Posts tagged: command

sendmail from the command line in GoDaddy

This is another useful tidbit to use with the article, Backing up your Database (with GoDaddy and Cron).

What it does: Allow you to send mail to a specified email address by using the program sendmail.

You do this from the shell in your GoDaddy account. I shouldn’t have to tell you that this tutorial is meant for the shared Linux hosting account.

/usr/sbin/sendmail.real -f

Type that all on one line. Of course, change the addresses to suit your needs, then press <enter>. You’ll be greeted with… nothing happening. sendmail is now waiting for further instructions. So type the following.

Subject: whatever your subject is
And now you type your message below that

And you’ll still be left with nothing happening. Now sendmail is waiting for you to tell it that the message is over. So simply type a period on a line by itself.


And press <enter>. Your message should now send.

This is handy for a cron job where you want either a receipt that the cron job completed, or perhaps you want a file (backup?) sent to you on a regular basis.


/usr/sbin/sendmail.real \
-f \
Subject: Testing for HowTo
This is just a test message.
And this is a new line.

The following email is what I received.

date Mon, Apr 20, 2009 at 2:22 PM
subject Testing for HowTo
This is just a test message.
And this is a new line.

Yet Another Command-Line Twitter

Recently this article made it to the front page of digg. It’s yet another article on how to update your Twitter status from the command line. It covers the bases of how to do it, but I still prefer Wayne’s way over at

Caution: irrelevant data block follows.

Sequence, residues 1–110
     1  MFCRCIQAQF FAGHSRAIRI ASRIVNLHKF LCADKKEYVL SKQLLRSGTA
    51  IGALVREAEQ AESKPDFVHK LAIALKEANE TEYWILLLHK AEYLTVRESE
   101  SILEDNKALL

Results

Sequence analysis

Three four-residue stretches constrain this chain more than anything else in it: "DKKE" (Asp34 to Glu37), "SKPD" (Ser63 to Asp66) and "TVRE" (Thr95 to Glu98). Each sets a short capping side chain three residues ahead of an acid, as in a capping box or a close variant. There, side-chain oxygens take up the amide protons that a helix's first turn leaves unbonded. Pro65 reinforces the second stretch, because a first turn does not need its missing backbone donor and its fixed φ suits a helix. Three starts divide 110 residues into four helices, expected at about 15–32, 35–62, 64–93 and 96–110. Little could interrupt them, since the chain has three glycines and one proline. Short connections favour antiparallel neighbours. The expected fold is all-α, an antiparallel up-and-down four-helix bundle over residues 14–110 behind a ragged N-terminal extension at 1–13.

First, the script requires cURL to be installed. So install it if it’s not already on your system.

sudo apt-get update
sudo apt-get install curl

I made some minor revisions to the Fsckin way to do it after reading the cURL man page and finding that the –basic flag wasn’t required etc.

It boils down to this

curl --user "username:password" \
--data-ascii "status=`echo $@|tr ' ' '+'`" \

Just copy the text into a file, I’ve called mine “tweet”, and change the username and password to your own information. Note, the text is there for anyone to see who has access to your computer. This is significant as your Twitter password is saved inside that file.

Change the file permission to make it executable:

chmod 755 tweet

And make a tweet on your Twitter profile

./tweet This message is what everyone will see.

which would post the message for everyone to see. You’ll end up getting some output from cURL. So long as it doesn’t come back with a short message which includes

<error>Could not authenticate you.</error>

then we can assume all went well.

Advanced Stuff

You might find that you want to be able to call the “tweet” utility from outside the directory it lives in. You can include the directory in your system path by adding the path to the bottom of your .bashrc

export PATH

So the next time you log in you can just type, from any directory,

tweet whatever the message is

and your twitter profile will be updated.

Personally I like to keep my scripts in a hidden directory in my /home. Something like /home/myusername/.my_scripts (or shorthand: ~/.my_scripts)

How to: Provide a command line argument in C

Question: “How do I read in input from a C program” or “How do I read input from the command line in C” ??

Answer: Easily

Aside from the usual inclusion of stdio.h and stdin.h you just have to loop through the char* array in main.

#include <stdlib.h>
#include <stdio.h>
int main(int argc, char* argv[])
    int i;
    printf ("Number of arguments provided: %d\nThey are:\n", argc);
    for(i=0;i<argc;i++) {
        printf ("%s\n",argv[i]);
    return 1;

The above snippet outputs the following:

./ProgramName MyArgument AnotherArgument
Number of arguments provided: 3
They are:

With the traditional C main method, argc gets the number of arguments provided at the command line. Also, this example assumes the name of the program is “ProgramName” (in C the program name is always the first argument).

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